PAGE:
To further identify the composition and oxidation states of the hydrothermal materials XPS was utilised. In Fig. S6, the survey scans for all three hydrothermally prepared materials are presented. The Ni 2p core level can be observed in both the Ni and Ni/Fe oxide at a binding energy of ∼860 eV, while this core level is absent in the Fe oxide survey spectra.3,37 Subsequently, the Fe 2p core is present in the Fe and Ni/Fe oxide core levels at ∼710 eV, while this core level is not observed in the Ni oxide survey spectra.37 This is also an indication there has been no cross contamination between samples during synthesis.

From the XRD analysis of the Fe oxide, Fig. 2(a), this material's composition is still not fully determined. The XRD indicates that the Fe oxide is either made up of Fe3O4, Fe2O3 or a mixture of the two. From the high resolution core level analysis of the Fe 2p3/2 peak, both the Fe3O4 and the γ-Fe2O3 phases can be detected on the surface of the Fe oxide sample, Fig. 3(a). The Fe 2p3/2 peak of the hydrothermal Fe oxide was fitted with contributions correlating to both Fe3+ (Fe2O3) and to Fe2+ (Fe3O4), Fig. 3(a).38 The Ni/Fe oxide hydrothermal material, Fig. 3(b), displays the fitting of the Fe 2p3/2 core level to a NiFe2O4 multiplet set with no evidence of contributions relating to any other Fe species. The Ni species, synthesised by this hydrothermal process, determined by the XRD is in agreement with the XPS analysis, Fig. 2(b). The Ni 2p3/2 core-level of the Ni oxide was fitted to a Ni2+ (Ni(OH)2) multiplet set, with only very minor contributions from Ni0 (Ni metal) and no evidence of higher oxidation states, Fig. 3(c).39 The exact percentages of each oxidation state found on the surface of the different catalysts can be seen in Table S3. Brunauer–Emmett–Teller measurements of the powders were untaken to calculate the BET surface area of the powders, Fig. S7. In Fig. S7(a) the BET isotherms for Ni(OH)2 can be observed. This curves resembles a type IV isotherm, suggesting that the material under analysis is a mesoporous (2–50 nm according to IUPAC) adsorbent.40 A multipoint BET analysis resulted in a surface area of 91.08 m2 g−1 for Ni(OH)2. In comparison, the NiFe2O4 and Fe2O3/Fe3O4 samples exhibit much lower surface areas when compared to the Ni(OH)2 material of 34.35 and 20.45, respectively. Subsequently, the pure iron oxide (Fe2O3/Fe3O4) presents the typical shape of a type III isotherm, which is characteristic of non-porous materials where the interactions between adsorbate–adsorbent are very weak in comparison with the adsorbant–adsorbant interactions.41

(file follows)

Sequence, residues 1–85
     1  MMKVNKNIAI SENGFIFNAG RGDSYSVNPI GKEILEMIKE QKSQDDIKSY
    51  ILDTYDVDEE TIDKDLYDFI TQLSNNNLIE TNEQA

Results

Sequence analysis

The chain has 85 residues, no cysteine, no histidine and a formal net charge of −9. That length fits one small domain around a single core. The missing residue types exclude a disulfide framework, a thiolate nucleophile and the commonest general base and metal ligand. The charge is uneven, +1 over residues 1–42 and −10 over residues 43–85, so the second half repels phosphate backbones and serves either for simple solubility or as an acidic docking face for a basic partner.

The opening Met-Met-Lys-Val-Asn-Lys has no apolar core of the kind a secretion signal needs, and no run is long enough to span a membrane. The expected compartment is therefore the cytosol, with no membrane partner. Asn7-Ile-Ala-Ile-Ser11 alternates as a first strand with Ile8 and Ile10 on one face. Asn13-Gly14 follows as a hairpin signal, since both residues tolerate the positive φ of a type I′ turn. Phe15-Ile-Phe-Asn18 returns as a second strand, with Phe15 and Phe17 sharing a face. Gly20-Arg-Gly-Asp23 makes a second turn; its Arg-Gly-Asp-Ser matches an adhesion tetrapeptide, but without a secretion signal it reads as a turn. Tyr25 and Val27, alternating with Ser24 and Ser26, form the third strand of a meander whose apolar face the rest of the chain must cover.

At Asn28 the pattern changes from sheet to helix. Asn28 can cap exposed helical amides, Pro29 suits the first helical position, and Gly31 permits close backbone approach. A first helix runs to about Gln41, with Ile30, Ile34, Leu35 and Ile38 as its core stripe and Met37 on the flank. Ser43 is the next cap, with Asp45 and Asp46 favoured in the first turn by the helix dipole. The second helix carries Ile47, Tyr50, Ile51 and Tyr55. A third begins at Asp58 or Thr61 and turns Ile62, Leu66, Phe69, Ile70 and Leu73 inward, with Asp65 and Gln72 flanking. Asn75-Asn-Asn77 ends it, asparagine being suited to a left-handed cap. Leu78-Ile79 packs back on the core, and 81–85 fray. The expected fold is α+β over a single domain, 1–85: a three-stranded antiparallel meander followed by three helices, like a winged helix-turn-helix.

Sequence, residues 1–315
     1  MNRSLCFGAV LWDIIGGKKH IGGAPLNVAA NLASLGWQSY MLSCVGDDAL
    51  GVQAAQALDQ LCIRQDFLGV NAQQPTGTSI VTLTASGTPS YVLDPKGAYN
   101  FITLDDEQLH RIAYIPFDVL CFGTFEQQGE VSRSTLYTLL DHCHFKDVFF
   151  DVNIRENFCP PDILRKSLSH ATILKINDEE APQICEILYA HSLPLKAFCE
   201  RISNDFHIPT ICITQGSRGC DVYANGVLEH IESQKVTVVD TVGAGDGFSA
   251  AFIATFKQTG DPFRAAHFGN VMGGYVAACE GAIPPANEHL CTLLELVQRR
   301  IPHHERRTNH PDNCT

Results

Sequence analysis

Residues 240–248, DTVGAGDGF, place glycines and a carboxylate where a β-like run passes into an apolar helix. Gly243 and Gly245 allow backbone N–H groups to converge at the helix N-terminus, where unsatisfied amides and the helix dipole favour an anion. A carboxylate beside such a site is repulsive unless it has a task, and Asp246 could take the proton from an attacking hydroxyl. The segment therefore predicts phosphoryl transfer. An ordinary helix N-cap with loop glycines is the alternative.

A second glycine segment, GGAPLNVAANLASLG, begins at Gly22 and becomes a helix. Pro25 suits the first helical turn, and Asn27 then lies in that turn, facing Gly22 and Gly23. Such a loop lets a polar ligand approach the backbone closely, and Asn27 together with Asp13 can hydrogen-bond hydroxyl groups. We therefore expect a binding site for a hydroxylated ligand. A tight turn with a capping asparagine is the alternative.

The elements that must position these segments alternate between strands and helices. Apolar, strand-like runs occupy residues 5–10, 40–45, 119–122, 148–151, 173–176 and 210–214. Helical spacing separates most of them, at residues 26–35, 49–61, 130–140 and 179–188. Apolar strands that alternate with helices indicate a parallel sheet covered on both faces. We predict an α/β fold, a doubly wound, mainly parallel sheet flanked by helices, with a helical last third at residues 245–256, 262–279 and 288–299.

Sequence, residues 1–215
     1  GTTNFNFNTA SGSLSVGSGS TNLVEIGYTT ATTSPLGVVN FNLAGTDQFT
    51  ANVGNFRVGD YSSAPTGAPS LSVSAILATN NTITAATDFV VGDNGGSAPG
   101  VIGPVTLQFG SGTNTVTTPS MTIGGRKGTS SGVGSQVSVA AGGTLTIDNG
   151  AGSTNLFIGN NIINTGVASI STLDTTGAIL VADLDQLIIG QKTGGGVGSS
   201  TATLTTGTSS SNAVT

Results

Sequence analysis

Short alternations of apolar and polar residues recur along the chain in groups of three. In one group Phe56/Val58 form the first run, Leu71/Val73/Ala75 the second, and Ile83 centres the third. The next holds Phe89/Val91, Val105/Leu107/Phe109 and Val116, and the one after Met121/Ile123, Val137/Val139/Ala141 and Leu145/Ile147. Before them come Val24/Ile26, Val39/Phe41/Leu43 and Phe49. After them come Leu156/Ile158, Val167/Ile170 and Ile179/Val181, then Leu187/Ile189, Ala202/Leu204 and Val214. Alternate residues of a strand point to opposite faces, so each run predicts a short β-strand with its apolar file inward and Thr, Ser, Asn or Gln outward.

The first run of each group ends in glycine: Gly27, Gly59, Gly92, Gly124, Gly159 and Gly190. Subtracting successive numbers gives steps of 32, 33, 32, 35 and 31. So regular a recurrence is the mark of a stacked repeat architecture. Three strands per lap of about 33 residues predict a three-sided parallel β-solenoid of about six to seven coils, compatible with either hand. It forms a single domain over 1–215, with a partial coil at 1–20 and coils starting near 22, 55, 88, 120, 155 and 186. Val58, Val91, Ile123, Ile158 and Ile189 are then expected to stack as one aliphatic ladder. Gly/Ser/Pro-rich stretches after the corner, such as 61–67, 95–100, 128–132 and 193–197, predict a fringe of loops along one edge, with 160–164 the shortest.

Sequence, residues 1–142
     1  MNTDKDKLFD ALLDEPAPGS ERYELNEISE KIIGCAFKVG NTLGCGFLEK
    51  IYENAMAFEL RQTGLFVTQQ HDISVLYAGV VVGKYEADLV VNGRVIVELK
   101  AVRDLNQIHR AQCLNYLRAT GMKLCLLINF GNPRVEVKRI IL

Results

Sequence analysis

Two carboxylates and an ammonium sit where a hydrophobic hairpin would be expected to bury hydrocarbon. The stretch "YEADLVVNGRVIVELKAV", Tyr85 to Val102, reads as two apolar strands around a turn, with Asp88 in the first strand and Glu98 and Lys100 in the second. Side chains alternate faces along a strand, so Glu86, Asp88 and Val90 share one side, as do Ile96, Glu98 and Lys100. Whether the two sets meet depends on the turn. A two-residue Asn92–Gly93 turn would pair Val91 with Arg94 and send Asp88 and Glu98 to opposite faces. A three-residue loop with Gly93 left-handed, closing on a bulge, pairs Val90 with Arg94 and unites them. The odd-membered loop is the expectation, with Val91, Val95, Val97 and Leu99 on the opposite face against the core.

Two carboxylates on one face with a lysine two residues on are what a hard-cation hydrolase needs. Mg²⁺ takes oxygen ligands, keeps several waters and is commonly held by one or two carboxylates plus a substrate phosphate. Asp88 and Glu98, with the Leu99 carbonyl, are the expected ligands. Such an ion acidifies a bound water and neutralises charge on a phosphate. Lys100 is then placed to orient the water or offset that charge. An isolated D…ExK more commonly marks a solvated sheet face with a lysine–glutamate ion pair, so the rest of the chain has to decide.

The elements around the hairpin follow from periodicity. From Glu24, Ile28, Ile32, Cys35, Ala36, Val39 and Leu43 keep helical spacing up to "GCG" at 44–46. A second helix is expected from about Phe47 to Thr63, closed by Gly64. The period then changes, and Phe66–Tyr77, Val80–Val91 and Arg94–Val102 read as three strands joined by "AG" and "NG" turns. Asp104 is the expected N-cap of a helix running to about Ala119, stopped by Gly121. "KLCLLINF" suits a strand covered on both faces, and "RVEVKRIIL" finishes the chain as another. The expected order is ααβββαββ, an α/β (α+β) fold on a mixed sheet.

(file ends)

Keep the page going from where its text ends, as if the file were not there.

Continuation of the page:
The OER activity of the hydrothermal powders fabricated was investigated using Ni foam substrates. As previous mentioned, the powders were loaded on to the foams using a spray gun, Fig. 4(a) and S8. To ensure the adhesion of the powders to the foams, SEM-EDX imaging was performed before any electrochemical analysis, Fig. S9. In the SEM images, Fig. S9(a)–(c), Ni(OH)2 powder can be observed distributed evenly on the Ni foam substrate. From Fig. S9(b), little or no aggregation of the powders is seen to occur on the Ni foam. EDX mapping analysis of the Ni(OH)2 on the metal Ni foam was also undertaken, Fig. S10, with the Ni Kα map showing a high intensity of elemental Ni. The position of the Ni(OH)2 particles can be observed in the O Kα map as the metallic Ni foam does not have a large elemental oxygen signal. Thus, the areas with a clear oxygen signal correspond to Ni(OH)2 particles.

The XPS, Fig. 3, and XRD, Fig. 2, analysis of Ni/Fe oxide indicate that NiFe2O4 is present and the SEM images of this material sprayed onto the Ni foam can be observed in Fig. S9(d)–(f). SEM imaging of the Ni/Fe oxide particles on Ni foam reveals a range of sizes and shapes for this mixed material, Fig. S9(d)–(f). This is consistent with the TEM images in Fig. 1(c) and (d) showing a wide size distribution. Additionally, it is clear from Fig. S9(d) and (e) that Ni/Fe oxide powders aggregate on the Ni foam substrate. Again, EDX mapping was utilised to confirm the presence of the Ni/Fe oxide on the foam. Unlike the evenly spread Ni(OH)2, the mixed Ni/Fe sample seems to aggregate on the substrate. The Fe and O Kα maps, Fig. S11, show the Ni/Fe oxide material is dispersed throughout the foam.